Another client, Chantilly Little, said she was recovering from an addiction to stronger drugs. The 27-year-old woman said she has seen drugs kill tribals and wants to be a responsible parent. “I’d rather smoke than do other drugs because I almost gave up on my kids,” Little said.

Stephanie Bolman — a breast cancer patient, former health care worker and Lower Brule Sioux Tribal Council member — was traveling in the area and decided to visit the No Worries store.

Bolman doesn’t use marijuana, but he wanted to see the dispensary. She is interested in legalizing medical cannabis on her reservation, located along the Missouri River in central South Dakota, about four hours east of Pine Ridge.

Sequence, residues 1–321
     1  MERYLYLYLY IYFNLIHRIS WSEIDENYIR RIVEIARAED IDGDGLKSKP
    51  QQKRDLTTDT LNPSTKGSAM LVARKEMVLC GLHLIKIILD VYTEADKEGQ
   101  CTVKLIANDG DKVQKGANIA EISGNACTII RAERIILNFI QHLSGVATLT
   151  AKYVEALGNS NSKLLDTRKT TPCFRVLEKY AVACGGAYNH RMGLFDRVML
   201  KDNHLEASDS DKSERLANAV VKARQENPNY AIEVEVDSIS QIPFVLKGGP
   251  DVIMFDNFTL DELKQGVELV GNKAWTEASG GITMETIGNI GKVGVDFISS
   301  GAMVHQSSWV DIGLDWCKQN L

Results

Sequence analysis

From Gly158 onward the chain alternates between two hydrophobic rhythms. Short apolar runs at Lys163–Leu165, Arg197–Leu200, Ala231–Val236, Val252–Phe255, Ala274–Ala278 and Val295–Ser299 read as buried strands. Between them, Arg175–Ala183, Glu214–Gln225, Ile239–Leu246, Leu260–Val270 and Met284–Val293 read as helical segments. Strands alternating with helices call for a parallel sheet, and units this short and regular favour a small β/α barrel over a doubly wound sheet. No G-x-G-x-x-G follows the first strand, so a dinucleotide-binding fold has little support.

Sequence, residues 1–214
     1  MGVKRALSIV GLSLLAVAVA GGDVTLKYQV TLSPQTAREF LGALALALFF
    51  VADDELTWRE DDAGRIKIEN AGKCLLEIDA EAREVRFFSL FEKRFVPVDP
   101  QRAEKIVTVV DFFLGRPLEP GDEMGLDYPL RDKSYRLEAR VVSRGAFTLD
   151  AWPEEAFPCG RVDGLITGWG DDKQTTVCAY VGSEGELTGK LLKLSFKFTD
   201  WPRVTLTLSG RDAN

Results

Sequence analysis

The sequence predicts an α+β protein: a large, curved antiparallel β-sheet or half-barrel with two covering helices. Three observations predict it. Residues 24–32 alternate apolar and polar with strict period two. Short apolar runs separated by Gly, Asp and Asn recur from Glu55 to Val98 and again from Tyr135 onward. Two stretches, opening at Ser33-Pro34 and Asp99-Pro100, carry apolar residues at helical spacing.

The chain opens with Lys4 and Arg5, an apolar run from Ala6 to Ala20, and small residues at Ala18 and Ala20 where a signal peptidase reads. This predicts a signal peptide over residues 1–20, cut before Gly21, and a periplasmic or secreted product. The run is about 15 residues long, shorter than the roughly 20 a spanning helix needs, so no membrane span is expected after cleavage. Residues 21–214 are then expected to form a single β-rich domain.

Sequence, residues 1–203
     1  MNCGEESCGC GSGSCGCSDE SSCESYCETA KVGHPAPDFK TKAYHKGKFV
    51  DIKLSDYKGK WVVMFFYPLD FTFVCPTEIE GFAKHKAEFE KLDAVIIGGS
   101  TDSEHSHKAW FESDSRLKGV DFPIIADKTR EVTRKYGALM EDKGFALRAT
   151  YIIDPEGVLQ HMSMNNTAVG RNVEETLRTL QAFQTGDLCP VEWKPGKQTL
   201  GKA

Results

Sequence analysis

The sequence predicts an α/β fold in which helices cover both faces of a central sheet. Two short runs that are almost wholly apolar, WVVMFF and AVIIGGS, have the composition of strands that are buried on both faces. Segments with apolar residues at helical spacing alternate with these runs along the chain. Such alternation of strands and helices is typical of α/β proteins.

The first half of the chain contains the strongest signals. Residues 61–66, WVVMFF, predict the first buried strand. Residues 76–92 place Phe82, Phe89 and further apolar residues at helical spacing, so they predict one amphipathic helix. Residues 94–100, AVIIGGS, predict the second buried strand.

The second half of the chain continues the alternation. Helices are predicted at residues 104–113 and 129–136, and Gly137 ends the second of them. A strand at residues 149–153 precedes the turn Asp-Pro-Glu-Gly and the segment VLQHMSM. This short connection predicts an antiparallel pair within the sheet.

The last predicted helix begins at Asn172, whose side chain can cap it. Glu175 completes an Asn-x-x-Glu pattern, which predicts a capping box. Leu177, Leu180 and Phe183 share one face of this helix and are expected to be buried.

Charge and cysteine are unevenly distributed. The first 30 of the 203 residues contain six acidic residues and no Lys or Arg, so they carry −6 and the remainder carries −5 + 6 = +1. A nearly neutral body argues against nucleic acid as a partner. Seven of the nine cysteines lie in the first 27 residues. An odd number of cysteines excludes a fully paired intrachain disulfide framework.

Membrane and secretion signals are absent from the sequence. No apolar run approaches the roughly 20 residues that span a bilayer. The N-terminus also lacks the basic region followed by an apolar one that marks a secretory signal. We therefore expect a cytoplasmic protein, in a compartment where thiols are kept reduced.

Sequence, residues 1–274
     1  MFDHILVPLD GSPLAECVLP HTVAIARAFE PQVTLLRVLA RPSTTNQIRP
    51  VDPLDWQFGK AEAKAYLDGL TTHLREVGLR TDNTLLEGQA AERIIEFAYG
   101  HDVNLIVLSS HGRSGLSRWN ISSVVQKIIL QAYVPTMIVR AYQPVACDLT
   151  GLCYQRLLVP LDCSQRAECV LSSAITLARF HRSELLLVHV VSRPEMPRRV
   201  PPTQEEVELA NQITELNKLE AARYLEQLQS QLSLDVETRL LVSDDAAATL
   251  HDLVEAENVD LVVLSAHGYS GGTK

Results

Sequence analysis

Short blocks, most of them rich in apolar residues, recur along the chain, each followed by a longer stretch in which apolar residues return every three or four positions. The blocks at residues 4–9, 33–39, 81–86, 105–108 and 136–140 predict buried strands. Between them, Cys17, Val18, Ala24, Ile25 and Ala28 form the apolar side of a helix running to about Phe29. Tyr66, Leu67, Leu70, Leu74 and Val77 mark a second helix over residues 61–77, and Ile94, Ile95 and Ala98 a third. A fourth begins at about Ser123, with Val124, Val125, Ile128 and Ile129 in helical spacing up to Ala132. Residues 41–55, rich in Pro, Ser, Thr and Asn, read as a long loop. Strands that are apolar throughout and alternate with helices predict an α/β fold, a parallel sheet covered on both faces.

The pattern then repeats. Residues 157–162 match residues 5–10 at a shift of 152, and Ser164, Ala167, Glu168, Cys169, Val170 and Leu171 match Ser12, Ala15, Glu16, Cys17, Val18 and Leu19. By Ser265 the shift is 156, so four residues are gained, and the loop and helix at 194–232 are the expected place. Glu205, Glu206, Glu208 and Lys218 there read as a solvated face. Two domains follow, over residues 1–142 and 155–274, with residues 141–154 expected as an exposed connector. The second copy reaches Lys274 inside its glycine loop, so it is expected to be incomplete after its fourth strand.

“Unfortunately, the health services provided by the Indian Health Service have failed miserably in countless ways,” Bollman said. “It has left many to fend for themselves and endure so much pain and suffering that medical marijuana has proven to be a lifesaver.”

In 2020, when tribal citizens approved marijuana initiatives for the Pine Ridge Reservation, they rejected a proposal to legalize the sale and consumption of alcohol at the reservation’s two casinos.

In 2013, voters approved a referendum to legalize liquor reservation across the country by a narrow margin. But the tribal council never implemented the change.

The Lakota people did not use marijuana in pre-colonial times, said Craig Howe, a Lakota historian. The Lakota and other Great Plains tribes did not use either alcohol until it was introduced by white traders in the 1800s.

Alcohol “was meant to control our people and ended up being a weapon of mass destruction,” said Ruth Cedar Face, an addiction counselor and member of the Oglala Sioux Tribe.